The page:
·      A man named Stonic will be picking me up in Nairobi, driving me to where I will spend the night and taking me to the airport the next day to catch my flight to Kitale
·      Peter will be picking me up form the Kitale airstrip
·      I will be living at Steve’s compound
*I have Sam Glass to thank for helping me with all these knowns!

Here’s what I don’t know:
·      What God will do during this time
·      Who my community will be
·      What I will be doing to help out
·      How I will manage to cook (with Kenyan food supplies) for myself
·      What my daily life will entail

This, on the other hand, I am certain of— God has shown me that this journey to Kitale is his desire for how I am to serve him next, and I am SOOO excited to take this journey with him! 

I'm ready for a lot of unknowns so let the adventure in Kitale begin!

God the problem solver

Yesterday as I was packing, planning and organizing for my trip, I started thinking about a friend of mine, Katy, who I knew had been living in Africa for the past 6 months.  Katy was my co-counselor at Frontier Camp several years back and still to this day I associate her with airhead extremes, Carla Jo cabin (and our campers who are know old enough to WORK at camp), and many fond (and ridiculous) camp memories.  I had last heard from Katy in a newsletter she had written in December.  To be honest, I couldn’t remember exactly where she and her husband Kahler were living.  Wanting to investigate her experience in Africa a little further, I found myself looking at her Facebook page and then at her blog.  I read through her blog entries to learn more about how she had adjusted to life in Africa.  Pretty soon I had spent nearly an hour reading her stories and it was time to head out for a final Target run and my official last supper in the States—of course I chose to indulge in Chick-fil-a, making sure to get a cup of sweet tea and lemonade! By this point in time, my suitcase was nearly full to the brim, but I knew I couldn’t force it shut until I had finished getting the things on my list.  Bless my mom’s heart.  She had already spent hours upon hours helping me prepare for Kenya and I was bringing her on one last endeavor to find the last few things I needed.  When we got back home, I noticed that Katy had posted a new photo album and I immediately began to look through it.  I hadn’t told Katy I would be living in Kitale for the next four and a half months, so I decided I probably should invite her to visit!  I know she dreamed of living in Africa, and if I remember correctly it was even on her bucket list—guess you can mark that one off, Katy! At this point in time, I had no idea that when I arrived at the airport the following day I would be faced with a rather LARGE problem.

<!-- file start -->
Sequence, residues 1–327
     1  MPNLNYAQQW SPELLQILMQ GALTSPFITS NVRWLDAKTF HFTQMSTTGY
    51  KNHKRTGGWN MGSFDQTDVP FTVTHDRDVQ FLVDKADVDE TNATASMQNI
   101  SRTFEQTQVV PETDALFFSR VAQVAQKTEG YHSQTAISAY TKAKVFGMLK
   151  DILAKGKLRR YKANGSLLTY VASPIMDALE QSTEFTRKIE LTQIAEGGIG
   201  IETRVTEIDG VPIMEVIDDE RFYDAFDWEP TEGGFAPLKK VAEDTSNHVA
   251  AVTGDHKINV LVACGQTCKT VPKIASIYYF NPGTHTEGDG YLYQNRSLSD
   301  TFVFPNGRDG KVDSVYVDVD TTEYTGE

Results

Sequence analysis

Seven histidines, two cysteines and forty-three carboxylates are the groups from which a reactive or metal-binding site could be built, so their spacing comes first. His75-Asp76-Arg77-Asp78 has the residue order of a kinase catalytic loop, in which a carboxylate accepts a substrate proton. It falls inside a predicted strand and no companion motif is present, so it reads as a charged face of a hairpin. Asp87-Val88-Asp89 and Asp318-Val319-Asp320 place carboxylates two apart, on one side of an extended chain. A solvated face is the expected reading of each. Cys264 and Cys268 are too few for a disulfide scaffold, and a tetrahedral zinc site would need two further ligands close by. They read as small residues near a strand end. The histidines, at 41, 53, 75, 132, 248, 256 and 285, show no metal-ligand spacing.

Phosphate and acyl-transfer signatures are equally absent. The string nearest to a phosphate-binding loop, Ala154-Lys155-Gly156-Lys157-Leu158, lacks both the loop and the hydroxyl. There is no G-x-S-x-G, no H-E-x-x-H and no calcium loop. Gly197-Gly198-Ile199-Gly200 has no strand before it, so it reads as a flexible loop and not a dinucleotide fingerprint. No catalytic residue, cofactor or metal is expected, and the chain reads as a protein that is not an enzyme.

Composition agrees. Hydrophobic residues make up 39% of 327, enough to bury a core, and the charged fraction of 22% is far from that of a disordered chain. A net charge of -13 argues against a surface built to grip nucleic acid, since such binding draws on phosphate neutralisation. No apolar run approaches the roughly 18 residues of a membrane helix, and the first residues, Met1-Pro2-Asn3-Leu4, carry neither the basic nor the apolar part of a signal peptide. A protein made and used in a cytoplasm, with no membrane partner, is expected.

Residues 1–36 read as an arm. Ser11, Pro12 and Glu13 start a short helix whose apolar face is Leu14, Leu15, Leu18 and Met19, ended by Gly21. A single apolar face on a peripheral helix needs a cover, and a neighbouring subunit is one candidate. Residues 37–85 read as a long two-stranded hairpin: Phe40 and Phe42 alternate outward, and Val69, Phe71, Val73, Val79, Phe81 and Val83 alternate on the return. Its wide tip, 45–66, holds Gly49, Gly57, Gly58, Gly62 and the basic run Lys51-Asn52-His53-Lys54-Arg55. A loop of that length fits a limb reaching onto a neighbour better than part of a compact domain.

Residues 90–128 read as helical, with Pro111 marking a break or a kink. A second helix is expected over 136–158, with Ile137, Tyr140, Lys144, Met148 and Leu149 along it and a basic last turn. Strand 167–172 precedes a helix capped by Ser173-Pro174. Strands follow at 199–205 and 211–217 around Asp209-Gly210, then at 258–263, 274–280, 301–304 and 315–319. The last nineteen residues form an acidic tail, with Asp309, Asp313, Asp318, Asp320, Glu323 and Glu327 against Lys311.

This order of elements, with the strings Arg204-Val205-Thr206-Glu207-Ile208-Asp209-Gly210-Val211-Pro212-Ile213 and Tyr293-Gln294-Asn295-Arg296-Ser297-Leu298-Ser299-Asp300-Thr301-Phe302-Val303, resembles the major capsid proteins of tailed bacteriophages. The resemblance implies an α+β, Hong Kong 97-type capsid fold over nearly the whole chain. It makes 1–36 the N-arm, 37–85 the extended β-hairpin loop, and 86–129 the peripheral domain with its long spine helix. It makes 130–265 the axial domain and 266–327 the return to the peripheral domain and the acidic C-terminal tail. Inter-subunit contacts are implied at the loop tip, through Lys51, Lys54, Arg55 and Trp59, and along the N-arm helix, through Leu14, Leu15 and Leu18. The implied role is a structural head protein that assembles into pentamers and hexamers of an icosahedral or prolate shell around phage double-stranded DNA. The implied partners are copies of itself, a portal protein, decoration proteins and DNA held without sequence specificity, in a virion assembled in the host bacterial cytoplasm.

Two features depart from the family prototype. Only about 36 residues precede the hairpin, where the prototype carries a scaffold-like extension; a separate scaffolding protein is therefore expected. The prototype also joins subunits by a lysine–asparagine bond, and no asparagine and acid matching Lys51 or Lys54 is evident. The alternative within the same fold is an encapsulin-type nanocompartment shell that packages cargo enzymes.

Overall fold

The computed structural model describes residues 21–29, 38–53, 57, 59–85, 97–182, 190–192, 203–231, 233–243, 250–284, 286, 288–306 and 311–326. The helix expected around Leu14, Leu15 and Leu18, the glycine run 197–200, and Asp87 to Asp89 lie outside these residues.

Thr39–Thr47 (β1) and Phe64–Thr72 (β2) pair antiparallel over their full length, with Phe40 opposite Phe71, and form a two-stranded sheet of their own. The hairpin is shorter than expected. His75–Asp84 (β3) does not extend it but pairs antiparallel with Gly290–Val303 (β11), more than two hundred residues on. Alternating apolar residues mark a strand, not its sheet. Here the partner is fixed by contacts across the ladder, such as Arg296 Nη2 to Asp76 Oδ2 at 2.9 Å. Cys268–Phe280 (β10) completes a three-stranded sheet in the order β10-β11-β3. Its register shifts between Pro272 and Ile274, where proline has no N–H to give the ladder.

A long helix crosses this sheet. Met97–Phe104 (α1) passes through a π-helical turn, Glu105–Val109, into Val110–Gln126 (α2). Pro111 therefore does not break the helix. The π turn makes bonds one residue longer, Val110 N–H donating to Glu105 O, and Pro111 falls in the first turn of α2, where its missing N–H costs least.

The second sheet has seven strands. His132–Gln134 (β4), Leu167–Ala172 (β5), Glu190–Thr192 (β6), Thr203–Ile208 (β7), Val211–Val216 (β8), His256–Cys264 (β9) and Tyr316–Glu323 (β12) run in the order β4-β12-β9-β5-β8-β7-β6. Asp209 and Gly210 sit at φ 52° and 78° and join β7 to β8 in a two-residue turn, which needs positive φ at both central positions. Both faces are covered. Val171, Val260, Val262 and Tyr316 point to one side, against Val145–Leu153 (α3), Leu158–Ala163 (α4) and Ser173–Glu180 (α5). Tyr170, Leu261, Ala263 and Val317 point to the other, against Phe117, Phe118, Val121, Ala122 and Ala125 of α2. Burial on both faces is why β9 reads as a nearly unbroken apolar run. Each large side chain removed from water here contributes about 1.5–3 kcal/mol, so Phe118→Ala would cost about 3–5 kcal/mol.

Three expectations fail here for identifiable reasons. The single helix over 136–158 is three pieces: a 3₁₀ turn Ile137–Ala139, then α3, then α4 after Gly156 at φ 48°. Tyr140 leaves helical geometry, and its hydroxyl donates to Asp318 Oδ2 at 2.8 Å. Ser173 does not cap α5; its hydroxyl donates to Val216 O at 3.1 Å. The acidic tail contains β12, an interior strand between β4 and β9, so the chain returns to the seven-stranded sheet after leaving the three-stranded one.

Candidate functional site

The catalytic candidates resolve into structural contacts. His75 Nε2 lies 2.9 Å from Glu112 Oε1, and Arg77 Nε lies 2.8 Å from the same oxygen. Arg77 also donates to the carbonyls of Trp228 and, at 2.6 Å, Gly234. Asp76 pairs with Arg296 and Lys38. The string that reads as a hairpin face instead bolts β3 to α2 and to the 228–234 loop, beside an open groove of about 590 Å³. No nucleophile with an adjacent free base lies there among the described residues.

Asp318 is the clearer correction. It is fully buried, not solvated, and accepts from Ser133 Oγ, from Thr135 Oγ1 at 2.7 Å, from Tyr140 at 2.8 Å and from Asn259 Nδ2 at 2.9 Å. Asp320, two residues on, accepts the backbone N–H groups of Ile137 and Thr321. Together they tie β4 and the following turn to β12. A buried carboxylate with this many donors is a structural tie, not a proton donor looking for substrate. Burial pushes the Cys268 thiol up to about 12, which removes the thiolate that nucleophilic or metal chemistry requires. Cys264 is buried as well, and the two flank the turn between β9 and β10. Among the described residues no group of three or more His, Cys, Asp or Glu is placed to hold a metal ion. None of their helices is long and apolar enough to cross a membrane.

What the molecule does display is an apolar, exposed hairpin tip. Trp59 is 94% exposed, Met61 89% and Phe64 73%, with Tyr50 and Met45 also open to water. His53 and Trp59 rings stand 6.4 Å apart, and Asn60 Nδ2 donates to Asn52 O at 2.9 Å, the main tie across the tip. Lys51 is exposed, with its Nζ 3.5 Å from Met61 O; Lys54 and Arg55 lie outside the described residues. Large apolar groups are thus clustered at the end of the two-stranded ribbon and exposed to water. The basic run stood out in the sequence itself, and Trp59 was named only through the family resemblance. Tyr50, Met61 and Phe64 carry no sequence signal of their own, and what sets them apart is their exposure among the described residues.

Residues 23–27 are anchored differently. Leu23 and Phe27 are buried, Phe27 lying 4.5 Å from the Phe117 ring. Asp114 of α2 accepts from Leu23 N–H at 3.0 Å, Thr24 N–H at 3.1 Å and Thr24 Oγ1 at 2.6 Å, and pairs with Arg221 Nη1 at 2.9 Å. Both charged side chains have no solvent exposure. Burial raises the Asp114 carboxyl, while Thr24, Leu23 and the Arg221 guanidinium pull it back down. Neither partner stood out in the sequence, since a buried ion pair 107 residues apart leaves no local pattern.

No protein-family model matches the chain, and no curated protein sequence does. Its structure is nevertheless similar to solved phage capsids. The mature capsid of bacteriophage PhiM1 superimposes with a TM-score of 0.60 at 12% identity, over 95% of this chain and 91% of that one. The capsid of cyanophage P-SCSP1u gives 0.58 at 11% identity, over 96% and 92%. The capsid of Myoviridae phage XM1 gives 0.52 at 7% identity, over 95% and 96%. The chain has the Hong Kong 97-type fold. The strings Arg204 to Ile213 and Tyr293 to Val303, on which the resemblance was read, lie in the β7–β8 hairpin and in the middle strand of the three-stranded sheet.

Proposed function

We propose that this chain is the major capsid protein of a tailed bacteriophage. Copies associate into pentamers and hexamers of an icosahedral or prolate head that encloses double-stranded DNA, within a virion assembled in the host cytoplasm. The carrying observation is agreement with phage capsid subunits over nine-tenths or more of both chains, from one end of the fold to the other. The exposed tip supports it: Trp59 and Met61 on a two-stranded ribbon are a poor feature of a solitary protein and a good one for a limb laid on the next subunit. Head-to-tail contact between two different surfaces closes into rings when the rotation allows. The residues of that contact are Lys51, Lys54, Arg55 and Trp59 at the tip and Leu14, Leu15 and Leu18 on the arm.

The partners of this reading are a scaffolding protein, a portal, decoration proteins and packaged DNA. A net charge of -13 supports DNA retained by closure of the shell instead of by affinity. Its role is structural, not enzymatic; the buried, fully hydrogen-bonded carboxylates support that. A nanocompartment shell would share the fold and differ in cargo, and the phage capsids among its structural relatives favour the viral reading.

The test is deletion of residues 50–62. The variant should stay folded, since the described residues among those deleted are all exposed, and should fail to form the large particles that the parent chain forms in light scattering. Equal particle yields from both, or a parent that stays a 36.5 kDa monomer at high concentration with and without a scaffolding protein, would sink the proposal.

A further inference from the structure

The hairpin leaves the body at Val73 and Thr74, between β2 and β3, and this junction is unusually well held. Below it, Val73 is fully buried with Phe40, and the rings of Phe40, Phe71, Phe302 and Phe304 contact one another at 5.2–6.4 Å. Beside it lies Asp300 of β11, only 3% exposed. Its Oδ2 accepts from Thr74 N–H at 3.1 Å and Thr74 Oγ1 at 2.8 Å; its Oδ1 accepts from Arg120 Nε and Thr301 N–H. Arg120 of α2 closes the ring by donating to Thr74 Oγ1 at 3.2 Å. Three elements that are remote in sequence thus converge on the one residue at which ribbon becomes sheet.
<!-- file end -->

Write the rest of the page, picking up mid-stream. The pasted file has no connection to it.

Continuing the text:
(… the next day …)

The woman at the check-in counter was adamant that I would not be allowed to travel to Kenya.  Without a visa that preapproved my four month stay I was only allowed to remain in the country for 90 days and my ticket out of Kenya wasn’t until mid June—a good 40 days after my visa would expire.  I had talked with people about this in advance and they had assured me that once in Kenya I would simply renew my visa after I had reached the 90-day mark.  This didn’t seem to matter to her, which is fine because she was only doing her job.  After several phone calls, she was sure I would not be allowed into Kenya without a ticket out of the country sometime towards the end of my 90 days.   For this reason, I would not be allowed to board my flight to London.  The only solution was to purchase a ticket out of Kenya around the time my visa would expire and obtain a new visa once I returned.  Now the question was, “where in the world (literally) was I going to go???”  All the way back to London? That doesn’t sound too appealing, especially since a one-way ticket was going to cost $1500.  I’m not sure who brought it up, but suddenly going to see Katy in Zambia was being considered as an option and a rather good option at that!  (On the way to the airport, I had mentioned to my parents that Katy was currently living Zambia and that I wanted her to come to Kitale.) Before I could even finish a Facebook message to Katy, a roundtrip ticket to Lusaka, Zambia for the first week of May had been purchased for me!  Praise the Lord that Katy quickly returned my message to tell me that she would be thrilled to have me come visit! God knew I was going to have a seriously problem this morning and he certainly took matters into his own hands. He really is such a better planner than I ever will be.   (Someone please help me remind myself of this anytime I start tryin to make a plan for my life!) I mean seriously—compelling me to spend some of my last minutes in America stalking my friend in Africa—that’s only something he can come up with.  I even knew what town in Zambia I needed to fly to thanks to Facebook’s current city feature.  God even works through Facebook.  Amazing!